Belfast Music Week: Robyn G Shiels and more - The Palm House, Belfast
Robyn G Shiels, David C Clements, Katharine Philipp, VerseChorusVerse
The Palm House, Botanic Gardens, Belfast
Wednesday 7th November
For the 50 people fortunate enough to get a ticket, this evening’s showcase in Botanic Garden’s Palm House promises to be the most bespoke gig in Belfast Music Week’s programme. We’re met at the garden gates and ushered along a dark path to the Palm House’s rear entrance. In the main atrium several rows of seats have been set out and a small performance space cleared. Built like a cathedral of intricate glass and metal work, filled with exotic plants and illuminated by Victorian lampposts, it feels more like we’ve have strayed into Narnia than a public park.
Huddled in hats and scarfs the audience do their best to dodge the drops of condensation falling from the ceiling. The lights drop with a jolt and Stuart Bailie introduces us to the ‘maddest venue’ of the week.
First up is Tony Wright’s VerseChorusVerse. “I’ve always wanted to play here in Jurassic Park” he says. Wright plays without amplification, really digging his heels into the acoustic potential of the space. “The rain starts falling” he fittingly sings. His carefully enunciated vocals and considered intensity during ‘Held Myself’ conjure Cat Stevens but the stand out song is bold and bluesy, ‘Big Red Van’ which he dedicates to Portstewart guitarist Henry McCullough. It allows him to let loose and something of his former ASIWYFA persona comes to the surface.
Next we have Katharine Philippa who, curled over the piano, opens with ‘Fallen’. “I’m not in a talkative mood today” she later tells us “but I drew a picture to express how I feel”. With any other artist this might have seemed forced but here it adds to the charm of an extraordinary evening. We’re treated to the cinematic score of “Broken to be Rebuilt” and even a snippet of Antony and the Johnson’s “Hope There’s Someone”. Philippa has a unique soaring quality to her voice which occasionally catches in the middle of her range somewhere between tentativeness and longing, the effect is enrapturing.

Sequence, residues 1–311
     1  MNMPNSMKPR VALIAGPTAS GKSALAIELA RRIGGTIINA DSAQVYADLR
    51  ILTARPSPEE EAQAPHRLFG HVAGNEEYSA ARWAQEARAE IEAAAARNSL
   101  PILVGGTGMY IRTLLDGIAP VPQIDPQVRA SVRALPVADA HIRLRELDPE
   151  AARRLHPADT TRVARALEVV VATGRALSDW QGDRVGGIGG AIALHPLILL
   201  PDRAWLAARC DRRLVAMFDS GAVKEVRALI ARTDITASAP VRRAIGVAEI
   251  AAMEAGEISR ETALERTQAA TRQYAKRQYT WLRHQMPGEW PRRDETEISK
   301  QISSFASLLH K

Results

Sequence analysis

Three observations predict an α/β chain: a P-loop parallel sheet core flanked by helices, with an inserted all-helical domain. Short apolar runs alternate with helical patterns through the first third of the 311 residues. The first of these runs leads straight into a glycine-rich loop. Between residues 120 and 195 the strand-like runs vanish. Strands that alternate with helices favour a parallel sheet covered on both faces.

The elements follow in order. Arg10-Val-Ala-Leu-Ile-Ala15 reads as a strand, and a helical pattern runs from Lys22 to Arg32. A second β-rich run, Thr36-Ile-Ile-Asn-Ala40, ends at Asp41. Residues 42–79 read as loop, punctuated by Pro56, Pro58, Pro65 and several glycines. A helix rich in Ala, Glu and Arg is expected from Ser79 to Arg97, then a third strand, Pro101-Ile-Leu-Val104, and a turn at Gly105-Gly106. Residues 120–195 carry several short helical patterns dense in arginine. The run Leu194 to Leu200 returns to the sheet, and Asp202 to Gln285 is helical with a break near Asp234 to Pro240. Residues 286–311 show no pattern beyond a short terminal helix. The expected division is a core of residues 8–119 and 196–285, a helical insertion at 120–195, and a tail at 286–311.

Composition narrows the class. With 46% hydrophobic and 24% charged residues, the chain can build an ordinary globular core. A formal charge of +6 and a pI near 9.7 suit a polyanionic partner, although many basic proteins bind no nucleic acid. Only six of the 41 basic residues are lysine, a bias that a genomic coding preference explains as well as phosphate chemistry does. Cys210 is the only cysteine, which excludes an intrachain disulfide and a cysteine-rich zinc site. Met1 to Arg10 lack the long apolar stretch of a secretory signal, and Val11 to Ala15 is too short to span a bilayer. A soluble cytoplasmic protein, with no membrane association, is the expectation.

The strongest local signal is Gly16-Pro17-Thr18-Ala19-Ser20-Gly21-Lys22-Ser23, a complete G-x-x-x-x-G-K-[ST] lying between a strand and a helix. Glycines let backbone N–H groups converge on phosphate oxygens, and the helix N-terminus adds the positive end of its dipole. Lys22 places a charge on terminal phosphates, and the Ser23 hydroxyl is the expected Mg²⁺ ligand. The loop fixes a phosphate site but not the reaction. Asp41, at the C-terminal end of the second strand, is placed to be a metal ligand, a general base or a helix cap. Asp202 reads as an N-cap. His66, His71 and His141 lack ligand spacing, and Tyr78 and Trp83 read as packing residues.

Robyn G Shiels is next -a change to the advertised billing reminding us there’s no official headliner tonight. Shiels’ barely audible addresses to the audience draw a few cries of ‘speak up’ but when singing his voice carries strongly whilst simultaneously feeling slight and confessional. The quieter moments, of which there are a few, are accompanied by the surround-sound patter of condensation. The highlight though comes in the form of a medley of Bruce Springsteen’s ‘I’m on Fire’ and Shiels’ ‘Hello Death’. His songs deal with vast themes through simplistic melodies and have a brutal honesty to them.
Last up is David C Clements. He gives no introductions, instead working though material showcasing precise lyrical phrasing, deft guitar playing and a hugely capable voice. Final song “On the Border” offers vocal swells reminiscent of indie act Local Natives and haunting melodies that invoke The Blue Nile’s Paul Buchanan. It is an immersive and mature sound which stands out despite the exceptional standard of tonight’s bill.
Words: Tom Balfour
Photo: Carrie Davenport